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What is Epilepsy?

Epilepsy is a common neurological disorder that affects 4-10 in every 1000 people.1 While epilepsy is defined by a repeated pattern of unprovoked seizures, these episodes can take numerous forms, corresponding to different types of epilepsy syndromes. The epilepsy genetics field has made great strides in the detection and classification of monogenic forms of epilepsy, but most epilepsy syndromes are genetically heterogenous. Pathogenic variants in different genes cause the same syndrome in different individuals or families, and only a fraction of the potential genetic causes have been identified. Genetic assessment is enhanced when clinical information is available.


Epilepsy Tests We Offer

MNG Laboratories, a Labcorp Company, offers a robust approach for diagnosing patients that present with recurring seizures with single-gene, syndrome-specific, phenotype-driven next-generation sequencing panels (NGS). Because of the complex nature of epilepsy genetics, MNG also performs single-exon resolution copy number variation (CNV) analysis with each NGS panel. In the Comprehensive Epilepsy panel, MNG goes one step further to improve the diagnostic sensitivity of testing by including mitochondrial DNA sequencing and deletion analysis.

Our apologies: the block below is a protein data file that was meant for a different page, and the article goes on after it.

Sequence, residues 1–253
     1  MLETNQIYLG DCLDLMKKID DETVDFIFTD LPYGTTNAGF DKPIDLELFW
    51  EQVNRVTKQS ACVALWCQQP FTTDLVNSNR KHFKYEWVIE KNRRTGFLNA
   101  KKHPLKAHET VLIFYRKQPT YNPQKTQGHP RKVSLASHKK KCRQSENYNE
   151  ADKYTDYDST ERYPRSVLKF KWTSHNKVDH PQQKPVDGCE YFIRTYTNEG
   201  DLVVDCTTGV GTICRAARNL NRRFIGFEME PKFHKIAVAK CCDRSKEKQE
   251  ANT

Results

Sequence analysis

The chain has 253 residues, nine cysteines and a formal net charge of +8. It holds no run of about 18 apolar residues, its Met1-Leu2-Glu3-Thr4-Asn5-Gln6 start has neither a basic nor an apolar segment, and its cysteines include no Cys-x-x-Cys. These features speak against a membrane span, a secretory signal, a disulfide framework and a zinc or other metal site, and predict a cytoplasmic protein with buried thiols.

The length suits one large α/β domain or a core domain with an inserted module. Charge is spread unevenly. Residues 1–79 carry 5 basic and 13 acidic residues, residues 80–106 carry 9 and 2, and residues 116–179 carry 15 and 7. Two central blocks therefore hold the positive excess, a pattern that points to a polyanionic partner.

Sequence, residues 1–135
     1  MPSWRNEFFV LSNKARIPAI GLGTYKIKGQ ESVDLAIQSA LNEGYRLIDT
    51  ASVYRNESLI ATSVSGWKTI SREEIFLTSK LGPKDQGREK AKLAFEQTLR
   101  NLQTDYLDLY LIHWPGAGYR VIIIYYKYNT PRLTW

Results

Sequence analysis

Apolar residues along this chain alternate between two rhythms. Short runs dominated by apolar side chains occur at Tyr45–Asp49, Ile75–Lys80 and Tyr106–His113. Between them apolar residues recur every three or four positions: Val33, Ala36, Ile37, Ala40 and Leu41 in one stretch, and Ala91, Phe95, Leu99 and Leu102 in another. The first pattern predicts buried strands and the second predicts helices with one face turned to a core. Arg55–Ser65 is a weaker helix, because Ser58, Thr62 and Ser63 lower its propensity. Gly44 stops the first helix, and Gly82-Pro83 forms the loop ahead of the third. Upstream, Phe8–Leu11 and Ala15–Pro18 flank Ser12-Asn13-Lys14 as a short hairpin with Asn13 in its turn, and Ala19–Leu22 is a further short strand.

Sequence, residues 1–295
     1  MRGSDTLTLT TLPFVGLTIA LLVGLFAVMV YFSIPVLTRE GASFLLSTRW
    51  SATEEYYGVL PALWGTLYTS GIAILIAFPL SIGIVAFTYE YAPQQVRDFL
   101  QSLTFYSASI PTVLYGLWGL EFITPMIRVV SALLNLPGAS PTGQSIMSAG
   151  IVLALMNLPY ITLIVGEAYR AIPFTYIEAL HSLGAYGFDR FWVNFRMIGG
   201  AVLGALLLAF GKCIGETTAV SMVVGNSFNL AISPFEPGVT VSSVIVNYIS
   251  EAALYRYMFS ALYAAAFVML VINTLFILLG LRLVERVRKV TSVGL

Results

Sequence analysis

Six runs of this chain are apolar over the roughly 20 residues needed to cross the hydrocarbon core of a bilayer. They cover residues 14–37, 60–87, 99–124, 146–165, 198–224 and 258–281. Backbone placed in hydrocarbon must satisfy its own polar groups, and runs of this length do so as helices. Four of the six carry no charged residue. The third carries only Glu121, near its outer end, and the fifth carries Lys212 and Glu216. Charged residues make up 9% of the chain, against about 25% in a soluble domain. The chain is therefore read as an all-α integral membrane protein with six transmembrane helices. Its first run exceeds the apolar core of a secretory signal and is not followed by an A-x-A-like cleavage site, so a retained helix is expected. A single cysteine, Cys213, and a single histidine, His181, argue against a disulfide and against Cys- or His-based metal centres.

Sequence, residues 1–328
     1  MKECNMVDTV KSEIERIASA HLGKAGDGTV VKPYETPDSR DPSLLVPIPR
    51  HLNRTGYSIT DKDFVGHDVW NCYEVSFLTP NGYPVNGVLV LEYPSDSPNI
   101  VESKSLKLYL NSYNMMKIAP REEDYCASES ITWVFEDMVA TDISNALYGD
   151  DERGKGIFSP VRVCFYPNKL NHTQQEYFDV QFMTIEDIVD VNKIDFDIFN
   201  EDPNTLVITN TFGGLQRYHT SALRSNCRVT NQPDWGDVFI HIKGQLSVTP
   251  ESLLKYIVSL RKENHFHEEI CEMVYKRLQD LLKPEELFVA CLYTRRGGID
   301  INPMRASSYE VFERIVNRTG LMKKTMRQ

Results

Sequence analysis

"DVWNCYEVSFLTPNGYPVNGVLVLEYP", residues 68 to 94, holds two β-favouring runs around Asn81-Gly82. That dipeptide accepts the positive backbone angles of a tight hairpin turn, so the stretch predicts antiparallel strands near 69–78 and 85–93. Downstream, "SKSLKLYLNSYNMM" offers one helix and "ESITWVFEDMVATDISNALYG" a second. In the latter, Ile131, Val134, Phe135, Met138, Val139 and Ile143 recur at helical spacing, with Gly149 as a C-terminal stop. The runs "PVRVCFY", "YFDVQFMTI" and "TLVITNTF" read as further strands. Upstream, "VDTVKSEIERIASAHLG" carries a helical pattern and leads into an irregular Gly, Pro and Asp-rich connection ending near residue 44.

In cases where a more focused diagnostic approach is desired, we offer numerous syndrome-specific panels. MNG’s Epileptic Encephalopathy panel has been optimized using the latest versions of OMIM and ClinVar to target genes known to be involved with epileptic encephalopathy. Likewise, our Myoclonic Epilepsy takes the same approach to myoclonus and myoclonic seizures. 

Diagnosing epilepsy may involve a comprehensive investigation into both genetics and neurological biochemistry. In addition to the epilepsy genetics portfolio, MNG also offers an extensive menu for testing vital epilepsy biomarkers, including 5-Methyltetrahydrofolate, Alpha Aminoadipic Semialdehyde, and Pyridoxal 5’-phosphate. These tests may also be ordered as STAT, with results within 7 days.

  1. Epilepsy. World Health Organization. February 7, 2019. Accessed April 30, 2019.